More local authorities seek to ban estate agents’ boards

The Government is considering four applications to restrict the display of estate and letting agent boards in certain parts of the UK.

A Freedom of Information request by EYE has found that the Department for Communities and Local Government is currently reviewing four applications from the following councils: Charnwood; Bath and North East Somerset; Leicester; and Swindon. Limits have already been introduced this year in Camden and Wandsworth.

Leeds and Hammersmith & Fulham introduced restrictions last year and in 2014 limits were imposed in Hastings, Preston, Waltham Forest and Newcastle.

Councils can’t just ban agency boards but need to get permission from the Communities Secretary to impose a ‘Regulation 7 direction’ which effectively means agents need planning consent to display boards and can be fined if they put them up without permission.

One council looking to extend existing restrictions on boards is Brighton & Hove.

Brighton introduced limits on boards in 2010 covering defined areas with “good historic architecture, including some of the highest quality, (where) such boards cause significant problems to the historic character of these areas”.

The local authority backed a motion in July from Conservative councillor Robert Nemeth to widen the restrictions and it will be considered by the council’s economic development and culture committee in September.

The council would have to go back to central government to get the area of the ban redefined if they want to extend it.

Cllr Nemeth told EYE: “All that I have really got through full council is confirmation that the existing zone will be extended to include the next similar areas along the remaining dense areas in the city with historic buildings. There is not even a timeframe presently, though I do expect swift action.

“If the same approach to the initial ban is adopted, it would not be retrospective in that ‘for sale’ boards that are already up would be allowed to stay.

“However, compared to six years ago when the original policy was implemented, there is today a much greater proliferation of ‘sold’, ‘let by’ and ‘managed by’ boards. I would push for these to be taken down straightaway as otherwise they could potentially remain in place forever.”

The display of estate agent boards is governed by the control of advertisements regulations, which is separate from planning permission for development.

Boards have “deemed consent” under Schedule 3 of the regulations, meaning they can be displayed without applying to the local planning authority.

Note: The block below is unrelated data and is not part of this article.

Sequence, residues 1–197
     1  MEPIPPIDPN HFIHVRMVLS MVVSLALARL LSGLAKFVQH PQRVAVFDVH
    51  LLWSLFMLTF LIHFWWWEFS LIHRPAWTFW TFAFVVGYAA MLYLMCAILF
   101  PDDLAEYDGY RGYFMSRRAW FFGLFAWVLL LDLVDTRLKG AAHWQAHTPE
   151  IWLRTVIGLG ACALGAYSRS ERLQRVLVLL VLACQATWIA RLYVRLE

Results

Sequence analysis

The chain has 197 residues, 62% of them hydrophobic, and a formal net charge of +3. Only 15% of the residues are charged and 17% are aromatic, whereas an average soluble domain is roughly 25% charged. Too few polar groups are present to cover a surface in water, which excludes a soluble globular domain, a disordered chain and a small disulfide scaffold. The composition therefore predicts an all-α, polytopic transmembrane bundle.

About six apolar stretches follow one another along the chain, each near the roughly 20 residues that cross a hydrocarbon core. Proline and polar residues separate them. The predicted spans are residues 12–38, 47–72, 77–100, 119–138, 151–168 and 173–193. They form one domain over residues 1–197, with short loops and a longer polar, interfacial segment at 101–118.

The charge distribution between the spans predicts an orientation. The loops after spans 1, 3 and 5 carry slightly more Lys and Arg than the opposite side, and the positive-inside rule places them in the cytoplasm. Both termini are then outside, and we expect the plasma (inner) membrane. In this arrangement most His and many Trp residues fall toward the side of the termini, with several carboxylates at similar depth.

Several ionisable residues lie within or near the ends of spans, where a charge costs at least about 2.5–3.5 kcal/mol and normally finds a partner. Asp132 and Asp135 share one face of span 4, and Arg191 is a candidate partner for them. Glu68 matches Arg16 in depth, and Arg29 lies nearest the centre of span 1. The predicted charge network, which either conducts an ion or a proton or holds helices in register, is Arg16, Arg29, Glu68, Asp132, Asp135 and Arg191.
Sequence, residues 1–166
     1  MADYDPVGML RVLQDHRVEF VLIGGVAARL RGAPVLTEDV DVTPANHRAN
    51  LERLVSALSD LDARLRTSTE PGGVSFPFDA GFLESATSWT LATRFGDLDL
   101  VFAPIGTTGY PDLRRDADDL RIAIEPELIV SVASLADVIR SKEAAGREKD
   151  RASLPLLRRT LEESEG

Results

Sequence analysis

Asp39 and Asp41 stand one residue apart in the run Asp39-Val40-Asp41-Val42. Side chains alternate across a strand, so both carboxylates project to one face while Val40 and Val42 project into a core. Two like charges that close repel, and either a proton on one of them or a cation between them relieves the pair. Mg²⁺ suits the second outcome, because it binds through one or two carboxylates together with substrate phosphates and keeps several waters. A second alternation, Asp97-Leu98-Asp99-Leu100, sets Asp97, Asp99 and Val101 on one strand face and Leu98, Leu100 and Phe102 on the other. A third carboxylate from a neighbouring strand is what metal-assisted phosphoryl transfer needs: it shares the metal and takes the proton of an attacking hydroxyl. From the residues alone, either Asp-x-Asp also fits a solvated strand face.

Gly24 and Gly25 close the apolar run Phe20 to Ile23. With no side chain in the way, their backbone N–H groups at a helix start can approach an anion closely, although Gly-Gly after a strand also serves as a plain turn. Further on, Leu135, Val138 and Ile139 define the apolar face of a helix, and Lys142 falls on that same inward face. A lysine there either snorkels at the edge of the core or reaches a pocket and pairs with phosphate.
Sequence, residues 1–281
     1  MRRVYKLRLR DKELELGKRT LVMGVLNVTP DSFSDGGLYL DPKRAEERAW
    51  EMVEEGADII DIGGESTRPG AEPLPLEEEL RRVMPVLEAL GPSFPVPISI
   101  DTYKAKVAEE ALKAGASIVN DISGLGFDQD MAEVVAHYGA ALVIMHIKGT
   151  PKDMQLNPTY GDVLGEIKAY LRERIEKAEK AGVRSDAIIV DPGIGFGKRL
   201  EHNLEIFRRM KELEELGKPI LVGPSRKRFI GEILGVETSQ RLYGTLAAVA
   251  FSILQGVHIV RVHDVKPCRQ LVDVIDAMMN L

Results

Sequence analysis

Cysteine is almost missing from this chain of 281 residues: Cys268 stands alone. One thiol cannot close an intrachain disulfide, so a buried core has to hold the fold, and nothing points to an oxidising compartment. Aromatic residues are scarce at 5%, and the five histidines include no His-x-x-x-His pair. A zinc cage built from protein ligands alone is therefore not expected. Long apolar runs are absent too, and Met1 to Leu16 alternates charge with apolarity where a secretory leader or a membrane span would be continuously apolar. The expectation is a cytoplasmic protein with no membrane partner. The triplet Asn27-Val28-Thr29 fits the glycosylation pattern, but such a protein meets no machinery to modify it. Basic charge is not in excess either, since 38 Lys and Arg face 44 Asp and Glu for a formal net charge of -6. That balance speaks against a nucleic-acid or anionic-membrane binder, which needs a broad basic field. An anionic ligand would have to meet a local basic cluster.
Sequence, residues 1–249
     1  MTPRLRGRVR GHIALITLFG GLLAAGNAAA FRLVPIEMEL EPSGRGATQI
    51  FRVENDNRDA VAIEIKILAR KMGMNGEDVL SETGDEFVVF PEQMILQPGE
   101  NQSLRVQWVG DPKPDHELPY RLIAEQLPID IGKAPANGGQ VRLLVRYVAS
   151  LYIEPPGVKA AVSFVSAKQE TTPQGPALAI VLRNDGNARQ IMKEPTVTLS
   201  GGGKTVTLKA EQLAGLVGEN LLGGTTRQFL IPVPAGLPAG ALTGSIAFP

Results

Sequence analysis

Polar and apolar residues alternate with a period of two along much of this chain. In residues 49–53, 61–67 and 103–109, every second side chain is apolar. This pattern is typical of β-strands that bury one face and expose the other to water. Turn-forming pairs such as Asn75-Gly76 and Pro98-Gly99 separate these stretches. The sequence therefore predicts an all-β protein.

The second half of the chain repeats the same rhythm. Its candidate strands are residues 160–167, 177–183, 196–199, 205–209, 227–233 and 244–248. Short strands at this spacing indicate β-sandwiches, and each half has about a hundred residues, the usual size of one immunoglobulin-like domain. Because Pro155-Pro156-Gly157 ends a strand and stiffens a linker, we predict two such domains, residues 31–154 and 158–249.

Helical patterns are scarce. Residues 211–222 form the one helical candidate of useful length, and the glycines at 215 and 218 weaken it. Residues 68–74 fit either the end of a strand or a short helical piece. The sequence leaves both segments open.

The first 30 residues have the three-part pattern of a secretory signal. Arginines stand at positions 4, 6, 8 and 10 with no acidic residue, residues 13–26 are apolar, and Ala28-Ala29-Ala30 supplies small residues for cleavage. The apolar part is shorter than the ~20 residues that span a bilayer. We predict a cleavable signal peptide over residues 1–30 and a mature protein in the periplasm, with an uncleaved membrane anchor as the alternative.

Local planning authorities can restrict the display of advertisements with deemed consent, such as estate agents’ boards, through a direction given by the Communities Secretary under regulation 7 of the Regulations.

For a “Regulation 7 direction” to be put in place, a local planning authority must apply to the Secretary of State.

The application must be advertised and any representations received are reviewed by an independent planning inspector. If there are objections, there may be a hearing.

The inspector also undertakes a site visit, following which a report is written to the Secretary of State and a decision is made and the direction may be given – with or without modifications. It may be refused. Once given, a direction must be publicised by the local authority.

A direction doesn’t openly ban the display of a particular type of advertisement, but requires anyone wishing to display such an advertisement in the relevant area to apply for consent.

This enables the council to either refuse the application or impose certain conditions.


Email the story to a friend


  1. LandlordsandLetting

    I did a personal rant about this subject a couple of years ago:

  2. Clarkuk

    I can’t help but feel that the older generations – those who don’t use the internet – are at a huge disadvantage in these areas.  Not being able to see a for sale board could mean them missing out. By putting your house up with an online agent you are likely to get 0 enquiries from anyone in this bracket as who is likely to call   There may be only very few but they are the people with the money in our society.

    1. Woodentop

      I couldn’t agree more but a few out there are convinced everyone is on the internet which is why they have no High Street presence. Blimey the brand awareness for these on-liners will be seething, so from that point of view I’m all in favour. However as you point out there are many a sale that are board related and vice versa. Tenants is the one that really hits a high with boards.


You must be logged in to report this comment!

Comments are closed.

Thank you for signing up to our newsletter, we have sent you an email asking you to confirm your subscription. Additionally if you would like to create a free EYE account which allows you to comment on news stories and manage your email subscriptions please enter a password below.